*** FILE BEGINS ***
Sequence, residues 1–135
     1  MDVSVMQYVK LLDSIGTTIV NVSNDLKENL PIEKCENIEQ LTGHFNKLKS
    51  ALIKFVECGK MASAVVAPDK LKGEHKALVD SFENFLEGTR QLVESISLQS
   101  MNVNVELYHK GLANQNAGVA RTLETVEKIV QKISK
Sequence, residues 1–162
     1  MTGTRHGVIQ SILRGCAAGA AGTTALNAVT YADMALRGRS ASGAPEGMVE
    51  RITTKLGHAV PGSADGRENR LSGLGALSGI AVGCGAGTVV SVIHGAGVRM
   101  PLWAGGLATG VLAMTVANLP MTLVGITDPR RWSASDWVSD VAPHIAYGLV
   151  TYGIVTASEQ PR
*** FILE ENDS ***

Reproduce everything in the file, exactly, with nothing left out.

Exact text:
Sequence, residues 1–135
     1  MDVSVMQYVK LLDSIGTTIV NVSNDLKENL PIEKCENIEQ LTGHFNKLKS
    51  ALIKFVECGK MASAVVAPDK LKGEHKALVD SFENFLEGTR QLVESISLQS
   101  MNVNVELYHK GLANQNAGVA RTLETVEKIV QKISK
Sequence, residues 1–162
     1  MTGTRHGVIQ SILRGCAAGA AGTTALNAVT YADMALRGRS ASGAPEGMVE
    51  RITTKLGHAV PGSADGRENR LSGLGALSGI AVGCGAGTVV SVIHGAGVRM
   101  PLWAGGLATG VLAMTVANLP MTLVGITDPR RWSASDWVSD VAPHIAYGLV
   151  TYGIVTASEQ PR